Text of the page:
Very little is known about the species's historic status or ecology; however, there is evidence to suggest that it was lost from Santa Rosa Island in the early to mid-20th century owing at least partly to the impacts of livestock on native vegetation (Morrison et al. 2011). Vegetation on Santa Cruz has been severely degraded by introduced sheep and pigs, but is recovering since their control. It may be susceptible to catastrophic fires and the introduction of diseases. There is particular concern over the potential danger from West Nile virus, which arrived in mainland southern California in 2003, but has not yet become established on Santa Cruz Island (c.30 km from the mainland) (Boyce et al. 2011, Morrison et al. 2011). It is unclear whether this is simply because a vector, most likely an infected bird, has not yet carried the virus to the island or because the climate there is too cool for efficient virus replication in mosquitoes, potentially providing the island’s avifauna with a thermal refuge (Boyce et al. 2011, Morrison et al. 2011). If this latter explanation is correct, it may be only temporary, owing to the potential effects of projected climate change (Morrison et al. 2011). The establishment of West Nile virus on Santa Cruz Island is expected to be catastrophic for the species, assuming a lack of adequate intervention, as it is likely to be at risk of high mortality from the virus, given the lethal impacts in other corvid species (e.g. Kilpatrick et al. 2007, LaDeau et al. 2008). It has been recommended that over 100 individuals in the population be vaccinated each year (Boyce et al. 2011). Climate change may also make the island’s vegetation more susceptible to wildfire. In addition, the species is potentially susceptible to the introduction of rats (Rattus spp.), which are absent from Santa Cruz and Santa Rosa islands, but are extant on three of the other six Channel Islands, having been eradicated from another (Morrison et al. 2011).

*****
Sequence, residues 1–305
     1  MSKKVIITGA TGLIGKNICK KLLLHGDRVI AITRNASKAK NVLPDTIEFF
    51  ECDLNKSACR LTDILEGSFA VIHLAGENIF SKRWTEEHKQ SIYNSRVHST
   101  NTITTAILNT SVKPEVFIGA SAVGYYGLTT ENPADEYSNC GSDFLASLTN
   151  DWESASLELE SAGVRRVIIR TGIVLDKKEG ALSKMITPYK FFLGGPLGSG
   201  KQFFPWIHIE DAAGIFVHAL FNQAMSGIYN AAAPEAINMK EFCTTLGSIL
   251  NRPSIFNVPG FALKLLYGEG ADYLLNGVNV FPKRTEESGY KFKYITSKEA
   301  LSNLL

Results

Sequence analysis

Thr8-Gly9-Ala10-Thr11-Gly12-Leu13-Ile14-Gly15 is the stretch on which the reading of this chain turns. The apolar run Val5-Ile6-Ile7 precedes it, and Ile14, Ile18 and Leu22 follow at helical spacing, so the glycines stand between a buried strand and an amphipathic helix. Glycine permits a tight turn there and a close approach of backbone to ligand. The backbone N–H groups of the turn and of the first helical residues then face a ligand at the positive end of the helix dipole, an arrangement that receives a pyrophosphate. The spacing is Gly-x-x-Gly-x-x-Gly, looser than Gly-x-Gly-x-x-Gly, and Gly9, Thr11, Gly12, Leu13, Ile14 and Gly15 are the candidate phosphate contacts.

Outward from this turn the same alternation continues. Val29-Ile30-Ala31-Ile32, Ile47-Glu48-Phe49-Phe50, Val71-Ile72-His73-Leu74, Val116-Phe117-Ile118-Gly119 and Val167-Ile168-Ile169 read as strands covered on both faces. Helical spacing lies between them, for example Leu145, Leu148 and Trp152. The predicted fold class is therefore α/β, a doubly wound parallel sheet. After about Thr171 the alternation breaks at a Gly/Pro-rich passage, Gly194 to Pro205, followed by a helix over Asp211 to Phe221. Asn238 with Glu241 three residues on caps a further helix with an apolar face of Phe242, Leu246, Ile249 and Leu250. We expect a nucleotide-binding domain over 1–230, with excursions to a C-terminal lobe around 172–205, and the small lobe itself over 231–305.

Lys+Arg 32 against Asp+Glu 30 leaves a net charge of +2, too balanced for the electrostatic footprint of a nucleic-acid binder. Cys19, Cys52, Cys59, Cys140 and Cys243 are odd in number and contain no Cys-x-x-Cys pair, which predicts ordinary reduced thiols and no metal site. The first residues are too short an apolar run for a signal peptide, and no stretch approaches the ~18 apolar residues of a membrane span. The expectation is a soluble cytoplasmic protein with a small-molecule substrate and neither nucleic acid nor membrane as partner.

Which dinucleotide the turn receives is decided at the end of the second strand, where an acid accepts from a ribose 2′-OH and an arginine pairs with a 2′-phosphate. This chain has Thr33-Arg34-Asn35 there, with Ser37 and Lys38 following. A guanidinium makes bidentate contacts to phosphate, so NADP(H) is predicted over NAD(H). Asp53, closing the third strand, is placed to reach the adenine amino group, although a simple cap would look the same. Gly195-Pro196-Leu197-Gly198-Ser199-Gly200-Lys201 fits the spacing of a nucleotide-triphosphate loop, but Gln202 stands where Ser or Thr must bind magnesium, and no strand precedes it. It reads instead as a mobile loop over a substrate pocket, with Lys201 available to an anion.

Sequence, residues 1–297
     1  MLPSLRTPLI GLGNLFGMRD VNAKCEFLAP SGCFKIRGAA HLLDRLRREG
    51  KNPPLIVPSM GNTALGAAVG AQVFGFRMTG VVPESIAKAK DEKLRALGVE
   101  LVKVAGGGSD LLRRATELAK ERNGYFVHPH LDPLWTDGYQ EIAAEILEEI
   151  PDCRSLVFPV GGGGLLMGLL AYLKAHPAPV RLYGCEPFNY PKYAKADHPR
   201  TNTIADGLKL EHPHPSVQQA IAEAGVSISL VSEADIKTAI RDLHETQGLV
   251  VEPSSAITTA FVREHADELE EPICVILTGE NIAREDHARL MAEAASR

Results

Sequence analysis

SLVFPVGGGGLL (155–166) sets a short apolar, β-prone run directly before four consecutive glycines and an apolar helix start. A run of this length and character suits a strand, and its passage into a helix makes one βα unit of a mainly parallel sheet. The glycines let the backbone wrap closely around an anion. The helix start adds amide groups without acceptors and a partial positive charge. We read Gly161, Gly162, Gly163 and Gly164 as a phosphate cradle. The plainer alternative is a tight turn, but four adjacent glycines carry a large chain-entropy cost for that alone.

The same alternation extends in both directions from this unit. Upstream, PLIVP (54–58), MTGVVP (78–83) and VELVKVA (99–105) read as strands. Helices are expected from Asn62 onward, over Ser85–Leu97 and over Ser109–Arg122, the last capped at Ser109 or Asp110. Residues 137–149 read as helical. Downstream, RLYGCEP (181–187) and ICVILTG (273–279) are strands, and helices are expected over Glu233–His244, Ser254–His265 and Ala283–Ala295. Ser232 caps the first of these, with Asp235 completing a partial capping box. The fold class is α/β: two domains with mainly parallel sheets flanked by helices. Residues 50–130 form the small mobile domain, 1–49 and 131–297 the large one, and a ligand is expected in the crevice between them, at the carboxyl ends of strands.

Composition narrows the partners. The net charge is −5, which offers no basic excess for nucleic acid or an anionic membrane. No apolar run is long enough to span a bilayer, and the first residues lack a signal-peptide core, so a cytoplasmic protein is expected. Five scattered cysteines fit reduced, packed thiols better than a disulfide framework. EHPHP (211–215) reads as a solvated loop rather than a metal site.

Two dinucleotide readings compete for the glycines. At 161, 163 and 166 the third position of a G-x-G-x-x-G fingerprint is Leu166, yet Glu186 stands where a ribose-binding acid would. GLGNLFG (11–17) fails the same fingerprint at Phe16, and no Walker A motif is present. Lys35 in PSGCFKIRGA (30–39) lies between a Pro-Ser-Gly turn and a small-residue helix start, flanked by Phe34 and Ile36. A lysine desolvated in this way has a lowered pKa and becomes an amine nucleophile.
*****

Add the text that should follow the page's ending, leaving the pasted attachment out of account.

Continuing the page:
Conservation Actions Underway
Conservation action is now controlling introduced sheep and pigs, and in many areas the vegetation is recovering dramatically, but the impact of these ecological changes on the status of this species requires careful monitoring. A programme of vaccination against West Nile virus amongst the population was initiated in 2008 (Morrison et al. 2011), with at least 100 birds vaccinated so far (The Nature Conservancy 2011). However, this is considered a precautionary early measure using a vaccine that has been tested on Western Scrub-jay A. californica with only modest success (Morrison et al. 2011, Wheeler et al. 2011).
Conservation Actions Proposed
Continue to implement a vaccination programme, with the aim of establishing a stable sub-set of several hundred vaccinated birds. Continue to monitor the population for any signs of decline. Eradicate rats from the Channel Islands. Manage the threat of wildfire.

Atwood, J. L.; Collins, C. T. 1997. The Island Scrub-jay: origins, behaviour, and ecology. Birding 29: 476-479.

Boyce, W. M.; Vickers, W.; Morrison, S. A.; Sillett, T. S.; Caldwell, L.; Wheeler, S. S.; Barker, C. M.; Cummings, R.; Reisen, W. K. 2011. Surveillance for West Nile Virus and Vaccination of Free-Ranging Island Scrub-Jays (Aphelocoma insularis) on Santa Cruz Island, California. Vector-Borne and Zoonotic Diseases 11: 1063-1068.